Supporting Wound Healing through
BEMER Physical Vascular Therapy
BEMER Physical Vascular Therapy can stimulate limited circulation
in the smallest blood vessels,
positively supporting the body’s self-healing and regeneration processes.
Enabled by strengthening the body’s regulatory mechanisms,
the natural responsiveness of
the immune system and self-healing powers is activated,
which has a positive effect on wound healing.
More and more therapists and doctors
successfully apply BEMER Physical Vascular Therapy in their practices.
HOW DOES BEMER PHYSICAL VASCULAR THERAPY WORK?
Electromagnetically transmitted signals are used to
stimulate the pumping action of the smallest blood vessels,
thereby normalizing blood flow through these vessels.
The cells profit from the improved supply and are better able
to perform their tasks in wound healing.
energy for mental and physical performance is released by the treatment,
which leads to an improvement in general well-being.
ABOUT WOUND HEALING
The term “wound healing” describes a biological process in which a wound is sealed by regeneration or replacement by scar-tissue.
Generally, this process takes place without medical intervention, but can be therapeutically optimized.
Different stages of Wound Healing
The natural biological process of wound healing sets in after just a few minutes, which has been demonstrated on the basis of a specific method.
Wound healing can be split into four phases which overlap and cannot strictly be separated from each other.
The exudative phase of wound healing takes place in the first hours.
Through the outlet of fibrin and coagulated blood, the wound gap is filled and scabs are formed by which the wound is shielded against germs from the outside.
Around the wound a typical wound edema is formed.
The resorptive phase takes place from the first to the third day of wound healing.
In this phase, macrophages migrate into the wound tissue and absorb the blood clot.
The basal epithelium begins to organize, and granulation tissue develops.
The proliferative phase happens in the fourth to the seventh day of the wound healing.
Now collagen is formed, and the wound is built up in this way.
The reparative phase begins on the eighth day – final scar tissue forms, and the squamous epithelium of the skin is renewed.
The resulting scar tissue has neither sebaceous nor sweat glands and has a white-nacreous appearance to it.
The first and the second phase of wound healing are also referred to as “cleansing phase”.
In addition, there is a distinction between primary and secondary wound healing.
In primary wound healing, well-defined, closely adjacent wound edges are formed.
A good blood flow to the wound and clean, germ-free wound conditions are the prerequisite for this form of healing.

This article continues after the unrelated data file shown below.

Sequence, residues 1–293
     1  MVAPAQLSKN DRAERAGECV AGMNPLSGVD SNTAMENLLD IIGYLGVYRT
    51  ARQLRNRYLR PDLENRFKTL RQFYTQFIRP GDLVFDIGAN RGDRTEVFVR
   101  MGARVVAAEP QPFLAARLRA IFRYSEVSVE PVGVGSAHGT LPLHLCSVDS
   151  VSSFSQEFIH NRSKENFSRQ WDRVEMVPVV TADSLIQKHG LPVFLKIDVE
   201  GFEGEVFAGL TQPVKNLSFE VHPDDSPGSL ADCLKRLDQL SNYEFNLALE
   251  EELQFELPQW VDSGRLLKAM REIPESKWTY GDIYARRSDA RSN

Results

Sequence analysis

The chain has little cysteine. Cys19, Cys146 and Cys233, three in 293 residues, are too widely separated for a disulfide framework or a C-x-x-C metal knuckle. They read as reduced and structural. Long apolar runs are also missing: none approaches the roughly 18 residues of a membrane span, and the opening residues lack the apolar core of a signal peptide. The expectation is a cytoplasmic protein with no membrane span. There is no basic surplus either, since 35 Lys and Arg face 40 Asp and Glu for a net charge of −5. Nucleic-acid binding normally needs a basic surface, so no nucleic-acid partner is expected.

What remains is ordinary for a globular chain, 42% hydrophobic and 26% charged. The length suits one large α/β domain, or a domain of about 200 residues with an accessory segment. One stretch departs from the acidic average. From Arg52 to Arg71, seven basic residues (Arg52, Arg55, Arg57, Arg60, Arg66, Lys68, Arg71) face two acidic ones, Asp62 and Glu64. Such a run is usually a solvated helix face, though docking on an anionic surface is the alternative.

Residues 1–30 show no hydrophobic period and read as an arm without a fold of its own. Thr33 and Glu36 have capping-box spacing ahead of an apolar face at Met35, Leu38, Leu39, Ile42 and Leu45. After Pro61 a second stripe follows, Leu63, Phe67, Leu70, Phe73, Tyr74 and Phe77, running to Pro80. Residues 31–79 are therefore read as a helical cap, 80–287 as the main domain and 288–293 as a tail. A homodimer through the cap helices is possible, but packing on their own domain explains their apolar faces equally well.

Especially after surgery or trauma by sharp objects, wounds can heal in the primary way.
But even large, superficial wounds, such as abrasions, heal primarily, by regeneration of the epidermis.
In secondary wound healing, the wound’s edges cannot be placed together, and/or are necrotic.
There are particularly serious defects and the wound must heal by the formation of granulation tissue.
Tissue formation and wound contraction are characteristics of secondary Wound healing.
Wound infection also causes secondary healing.
Can wound healing be influenced?
Wound healing can be influenced both positively and negatively.
Positive influences are, for example, the supply of oxygen, vitamins, heat and zinc.
Negative effects on wound healing are oxygen deficiency, underlying diseases, such as diabetes mellitus, zinc deficiency and cold.
Impaired wound healing
Through ertain influences, the phases of wound healing can be interrupted or delayed.
This is referred to as a wound healing disorder.
The penetration of bacteria may lead to a delay in healing and cause deterioration of the wound conditions.
To prevent this, the Wound bed must be cleaned antiseptically every day.
In complex cases, systemic administration of antibiotics and/or surgical intervention happens.
A further complication is the presence of blood or tissue fluid in the cavities; here, in some cases a puncture of the liquid is needed, to relieve the healing tissue.
Sometimes coarse connective tissue growths also arise around the scar.
This characterized by the spread to surrounding healthy tissue.
Scar hypertrophy is a form the overgrowth where only the scar tissue is affected.
Cuts along the Langer’s skin lines can prevent hypertrophy.
Incisional hernia is caused by the overstretching of an existing scar and can be found especially often in the area of the ventral body-wall.
A wound rupture is caused by the bursting of the seam and by insufficient wound closure or by infection.
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